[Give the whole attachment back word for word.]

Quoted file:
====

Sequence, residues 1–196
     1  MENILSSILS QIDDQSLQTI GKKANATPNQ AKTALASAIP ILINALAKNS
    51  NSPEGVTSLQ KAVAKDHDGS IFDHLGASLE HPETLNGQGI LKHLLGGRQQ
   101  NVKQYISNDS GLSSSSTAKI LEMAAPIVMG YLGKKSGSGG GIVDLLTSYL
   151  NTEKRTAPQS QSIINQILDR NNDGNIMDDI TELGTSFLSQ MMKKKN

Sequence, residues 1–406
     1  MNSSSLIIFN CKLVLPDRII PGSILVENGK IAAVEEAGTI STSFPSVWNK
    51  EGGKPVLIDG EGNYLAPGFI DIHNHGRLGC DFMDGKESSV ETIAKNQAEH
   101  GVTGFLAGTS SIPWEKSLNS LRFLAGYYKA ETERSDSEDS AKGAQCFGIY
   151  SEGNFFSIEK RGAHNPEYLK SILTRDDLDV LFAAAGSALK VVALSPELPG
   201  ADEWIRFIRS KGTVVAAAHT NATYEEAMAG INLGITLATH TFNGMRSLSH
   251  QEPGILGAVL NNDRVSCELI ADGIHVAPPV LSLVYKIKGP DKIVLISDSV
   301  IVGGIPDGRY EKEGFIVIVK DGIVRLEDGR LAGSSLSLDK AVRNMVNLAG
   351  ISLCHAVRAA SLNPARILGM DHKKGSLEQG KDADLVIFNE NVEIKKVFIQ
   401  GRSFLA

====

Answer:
Sequence, residues 1–196
     1  MENILSSILS QIDDQSLQTI GKKANATPNQ AKTALASAIP ILINALAKNS
    51  NSPEGVTSLQ KAVAKDHDGS IFDHLGASLE HPETLNGQGI LKHLLGGRQQ
   101  NVKQYISNDS GLSSSSTAKI LEMAAPIVMG YLGKKSGSGG GIVDLLTSYL
   151  NTEKRTAPQS QSIINQILDR NNDGNIMDDI TELGTSFLSQ MMKKKN

Sequence, residues 1–406
     1  MNSSSLIIFN CKLVLPDRII PGSILVENGK IAAVEEAGTI STSFPSVWNK
    51  EGGKPVLIDG EGNYLAPGFI DIHNHGRLGC DFMDGKESSV ETIAKNQAEH
   101  GVTGFLAGTS SIPWEKSLNS LRFLAGYYKA ETERSDSEDS AKGAQCFGIY
   151  SEGNFFSIEK RGAHNPEYLK SILTRDDLDV LFAAAGSALK VVALSPELPG
   201  ADEWIRFIRS KGTVVAAAHT NATYEEAMAG INLGITLATH TFNGMRSLSH
   251  QEPGILGAVL NNDRVSCELI ADGIHVAPPV LSLVYKIKGP DKIVLISDSV
   301  IVGGIPDGRY EKEGFIVIVK DGIVRLEDGR LAGSSLSLDK AVRNMVNLAG
   351  ISLCHAVRAA SLNPARILGM DHKKGSLEQG KDADLVIFNE NVEIKKVFIQ
   401  GRSFLA